A US Marine pilot (Lee Marvin) and a Japanese Naval officer (Toshiro Mifune) find themselves marooned on the same island in the middle of World War II. The pair's first impulse is to continue the wartime struggle and engage each other in a battle to the death, but they soon realise that their chances for survival will be much stronger if they work together. Can they suspend their mutual hatred long enough to begin the struggle against the hostile island environment or will their wish to destroy each other win out? John Boorman directs.
Hell in the Pacific
is one of the most original and thoughtful war films of the 1960s. Fresh from Point Blank
(1967) Lee Marvin reunited with director John Boorman for this elemental story of a US pilot and a Japanese naval officer washed ashore on an otherwise uninhabited Pacific island. Lee Marvin speaks English; Toshiro Mifune (The Seven Samurai
) speaks Japanese; and the audience shares their frustrations as they attempt to communicate, as Boorman does not use subtitles. Once the men become aware of each other's presence they move from wary avoidance through conflict to an uneasy truce as they realise they will have to cooperate to survive. The naturalistic acting is key to the film's success, greatly aided by the fact that both stars served their respective countries in the Pacific theatre during the Second World War. Conrad Hall's cinematography is superb, using natural light to evoke the beauty of the island, and the wide Panavision frame to show the men's isolation and their reactions to each another. Boorman developed further his fascination with man against nature in Deliverance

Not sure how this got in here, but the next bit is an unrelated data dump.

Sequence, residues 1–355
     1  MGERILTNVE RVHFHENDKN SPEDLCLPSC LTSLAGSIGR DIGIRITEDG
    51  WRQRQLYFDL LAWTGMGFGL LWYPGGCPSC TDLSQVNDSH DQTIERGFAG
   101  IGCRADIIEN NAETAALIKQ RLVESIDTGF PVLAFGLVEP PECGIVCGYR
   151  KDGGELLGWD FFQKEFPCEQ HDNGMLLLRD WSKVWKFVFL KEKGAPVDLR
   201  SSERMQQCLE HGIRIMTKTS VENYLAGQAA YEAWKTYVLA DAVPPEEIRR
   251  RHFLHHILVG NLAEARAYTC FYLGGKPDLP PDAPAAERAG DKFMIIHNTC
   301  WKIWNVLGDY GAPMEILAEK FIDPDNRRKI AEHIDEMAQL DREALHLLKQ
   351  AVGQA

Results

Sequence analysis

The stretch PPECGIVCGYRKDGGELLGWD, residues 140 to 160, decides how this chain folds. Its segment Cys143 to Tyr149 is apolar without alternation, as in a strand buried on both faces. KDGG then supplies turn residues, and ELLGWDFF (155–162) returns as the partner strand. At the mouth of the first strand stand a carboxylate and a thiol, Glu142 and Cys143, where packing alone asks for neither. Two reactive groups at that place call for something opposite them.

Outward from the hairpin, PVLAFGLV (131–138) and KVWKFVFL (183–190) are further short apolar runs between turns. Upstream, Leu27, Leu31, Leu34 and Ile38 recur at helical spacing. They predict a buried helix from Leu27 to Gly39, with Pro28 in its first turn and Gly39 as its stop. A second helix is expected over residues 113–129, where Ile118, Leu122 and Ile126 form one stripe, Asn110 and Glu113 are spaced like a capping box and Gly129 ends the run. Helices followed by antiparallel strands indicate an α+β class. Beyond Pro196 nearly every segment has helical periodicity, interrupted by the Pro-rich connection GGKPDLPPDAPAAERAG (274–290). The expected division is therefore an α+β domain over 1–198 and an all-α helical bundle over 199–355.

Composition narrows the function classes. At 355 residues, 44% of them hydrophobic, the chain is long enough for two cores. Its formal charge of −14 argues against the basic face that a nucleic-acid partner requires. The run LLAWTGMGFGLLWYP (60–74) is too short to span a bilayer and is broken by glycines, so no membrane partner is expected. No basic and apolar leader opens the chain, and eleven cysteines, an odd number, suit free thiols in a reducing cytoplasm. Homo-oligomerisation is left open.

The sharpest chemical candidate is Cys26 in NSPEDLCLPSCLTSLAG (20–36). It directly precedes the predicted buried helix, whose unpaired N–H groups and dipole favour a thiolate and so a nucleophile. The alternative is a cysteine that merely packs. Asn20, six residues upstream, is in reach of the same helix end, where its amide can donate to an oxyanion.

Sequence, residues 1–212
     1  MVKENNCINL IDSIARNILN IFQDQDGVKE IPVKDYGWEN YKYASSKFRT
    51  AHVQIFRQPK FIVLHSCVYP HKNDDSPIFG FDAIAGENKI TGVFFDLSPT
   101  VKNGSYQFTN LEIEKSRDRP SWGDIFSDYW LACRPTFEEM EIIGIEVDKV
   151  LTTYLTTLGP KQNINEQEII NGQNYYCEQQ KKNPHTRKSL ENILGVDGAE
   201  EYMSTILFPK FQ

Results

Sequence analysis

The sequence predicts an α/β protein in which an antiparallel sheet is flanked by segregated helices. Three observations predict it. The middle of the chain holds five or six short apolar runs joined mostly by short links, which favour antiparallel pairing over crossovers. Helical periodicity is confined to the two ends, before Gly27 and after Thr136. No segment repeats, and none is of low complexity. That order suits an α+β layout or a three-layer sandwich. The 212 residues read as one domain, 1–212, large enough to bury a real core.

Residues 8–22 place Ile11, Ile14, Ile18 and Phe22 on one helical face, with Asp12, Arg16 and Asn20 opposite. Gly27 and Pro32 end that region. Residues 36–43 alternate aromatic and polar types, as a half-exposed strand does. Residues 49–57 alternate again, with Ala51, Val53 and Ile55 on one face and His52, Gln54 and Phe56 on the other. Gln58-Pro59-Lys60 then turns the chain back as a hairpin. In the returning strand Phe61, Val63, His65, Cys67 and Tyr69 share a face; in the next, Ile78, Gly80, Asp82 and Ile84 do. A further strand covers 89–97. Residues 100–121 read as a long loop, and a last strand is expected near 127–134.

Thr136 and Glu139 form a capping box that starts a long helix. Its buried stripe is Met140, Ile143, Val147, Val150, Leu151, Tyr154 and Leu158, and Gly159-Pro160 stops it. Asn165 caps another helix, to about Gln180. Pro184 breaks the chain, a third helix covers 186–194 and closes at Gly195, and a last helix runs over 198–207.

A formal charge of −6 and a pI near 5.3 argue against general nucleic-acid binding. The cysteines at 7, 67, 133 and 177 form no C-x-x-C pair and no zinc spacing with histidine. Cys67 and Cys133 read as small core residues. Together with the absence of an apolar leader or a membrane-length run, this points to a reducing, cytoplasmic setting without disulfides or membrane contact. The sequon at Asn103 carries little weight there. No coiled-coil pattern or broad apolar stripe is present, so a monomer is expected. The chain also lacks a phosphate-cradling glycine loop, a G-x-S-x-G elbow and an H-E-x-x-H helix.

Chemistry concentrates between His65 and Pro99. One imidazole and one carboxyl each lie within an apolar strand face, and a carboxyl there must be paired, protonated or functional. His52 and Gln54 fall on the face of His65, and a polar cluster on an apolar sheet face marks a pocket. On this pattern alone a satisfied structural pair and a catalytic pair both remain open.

(1974) and The Emerald Forest
(1985), and there wouldn't be another poetic war film until Terrence Malick's The Thin Red Line
On the DVD: The stereo sound is fine, atmospherically reproducing both the natural sounds of the island and Lalo Schfrin's imaginative score. The picture quality likewise is very good, with the image well focused with strong colours and plenty of detail. Unfortunately the 2.35:1 image has been panned and scanned to 1.33:1 TV ratio, destroying the scale and beauty of the compositions and sometimes meaning the viewer sees only one side of the interactions between the two men. Extras are perfunctory, with production notes, biographies of the stars and a "slide show". Considering even BBC2 occasionally shows the film in near full Pavavision and with Boorman's preferred, TS Elliot inspired ending, this DVD is a lost opportunity to bring a modern classic into the digital age. --Gary S Dalkin
--This text refers to an out of print or unavailable edition of this title.